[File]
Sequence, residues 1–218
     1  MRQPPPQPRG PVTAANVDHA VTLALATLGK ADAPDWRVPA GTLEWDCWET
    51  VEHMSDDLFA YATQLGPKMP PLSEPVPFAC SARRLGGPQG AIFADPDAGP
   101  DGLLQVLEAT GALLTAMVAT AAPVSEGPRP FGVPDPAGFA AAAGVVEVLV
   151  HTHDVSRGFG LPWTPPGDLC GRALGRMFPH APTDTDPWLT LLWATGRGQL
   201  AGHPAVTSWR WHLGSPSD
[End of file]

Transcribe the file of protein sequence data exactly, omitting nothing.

Sequence, residues 1–218
     1  MRQPPPQPRG PVTAANVDHA VTLALATLGK ADAPDWRVPA GTLEWDCWET
    51  VEHMSDDLFA YATQLGPKMP PLSEPVPFAC SARRLGGPQG AIFADPDAGP
   101  DGLLQVLEAT GALLTAMVAT AAPVSEGPRP FGVPDPAGFA AAAGVVEVLV
   151  HTHDVSRGFG LPWTPPGDLC GRALGRMFPH APTDTDPWLT LLWATGRGQL
   201  AGHPAVTSWR WHLGSPSD